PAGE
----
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  1. #1
    Join Date
    Jan 2009
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    chicago, illinois
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    The Myth of Free Agency Home Court Advantage

    There's been a long-running argument that should maximum-contract free agents like LeBron James, Chris Bosh and Dwayne Wade opt to sign a contract with a new team instead of working up a sign-and-trade deal the players would be leaving a bunch of cash on the table.

    It's simply not true.

    It's true that players who re-sign with their old teams get bigger raises (10.5 percent) than they could by signing with a new team (8 percent). But it's really not that much money in the grand scheme. If LeBron James re-signs with Cleveland, his salary over the next five years would total $101.6 million. If he signs with the Nets, Heat, Knicks or Bulls outright for the max (with no sign-and-trade), his salary over the next five years would total $97.4 million. That's a $4.2 million difference, which is far less than what most make it out to be.

    There is the matter of the sixth year, which is a feature only incumbent teams can offer. This is how analysts can get away with saying LeBron would be leaving $30 million on the table by signing with a new team outright -- he'd lose the $4.2 million for the annual raise disparity, as well as $25.6 million in guaranteed salary for the sixth season of the deal (the 2015-16 season, in this case).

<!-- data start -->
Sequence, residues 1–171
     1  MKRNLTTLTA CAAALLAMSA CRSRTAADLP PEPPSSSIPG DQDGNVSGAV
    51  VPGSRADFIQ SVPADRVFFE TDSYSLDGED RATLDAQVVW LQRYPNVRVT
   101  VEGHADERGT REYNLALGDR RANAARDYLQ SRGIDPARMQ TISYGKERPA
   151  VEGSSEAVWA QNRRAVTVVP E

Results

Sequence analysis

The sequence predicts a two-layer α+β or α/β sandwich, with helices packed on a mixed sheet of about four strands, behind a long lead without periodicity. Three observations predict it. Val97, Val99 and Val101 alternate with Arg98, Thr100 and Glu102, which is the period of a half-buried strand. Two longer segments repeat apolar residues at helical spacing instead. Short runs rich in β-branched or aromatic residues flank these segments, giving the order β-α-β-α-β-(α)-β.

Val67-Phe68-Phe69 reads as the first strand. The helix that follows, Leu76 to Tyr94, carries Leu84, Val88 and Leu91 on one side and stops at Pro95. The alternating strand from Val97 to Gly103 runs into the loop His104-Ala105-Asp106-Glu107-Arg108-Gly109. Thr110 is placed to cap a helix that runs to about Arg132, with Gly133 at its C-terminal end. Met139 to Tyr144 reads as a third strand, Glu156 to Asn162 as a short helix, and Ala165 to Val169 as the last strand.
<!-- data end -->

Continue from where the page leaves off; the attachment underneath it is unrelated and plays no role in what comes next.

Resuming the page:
But to say he's leaving that money on the table is to assume LeBron will make zero dollars in 2015-16 should he sign with a new team now, which is patently ridiculous. In July 2015, LeBron will be 30 years old. Rival Kobe Bryant is nearly 32, and a few months ago signed a three-year extension worth $86.2 million.

    In fact, it's a lock LeBron will have an early termination option for either 2014 or 2015 in any contract he signs this summer. And, unless the NBA really shreds the players union next summer in collective bargaining negotiations, it's almost a lock LeBron will be able to make a bigger salary by opting out when he has the chance. For a player of LeBron's reputation and age, that sixth season is a total red herring. Bosh, also young, fits the same bill. Wade is a slightly different story, as he's two years older than his friends. But I'd argue he can feel comfortable in the idea he'll make at least $10 million in 2015-16. It's not like these guys are going to fall off the planet.

    Teams do have an advantage when it comes to keeping their own players in free agency. But, like so many other things, that advantage doesn't really apply to the superstars. The home court advantage in NBA free agency isn't built to keep players like LeBron at home, and chances are that it won't.
    http://nba.fanhouse.com/2010/06/30/t...urt-advantage/

    Interesting article...... gives you a little more insight.

  2. #2
    Join Date
    Jan 2009
    Posts
    1,695
    Good point. Endorsements will make up for that difference too if he signs with New York, Chicago, Nets, or Clippers. Money definitely isn't the matter with a superstar player. It just dpends on where his heart wants him to go at the end of the day.


    MJ + Allan Houston= The Good Ol' Days.

  3. #3
    Join Date
    Jan 2009
    Location
    chicago, illinois
    Posts
    12,160
    Quote Originally Posted by S-Dot View Post
    Good point. Endorsements will make up for that difference too if he signs with New York, Chicago, Nets, or Clippers. Money definitely isn't the matter with a superstar player. It just dpends on where his heart wants him to go at the end of the day.
    yea..... a lot of misconceptions

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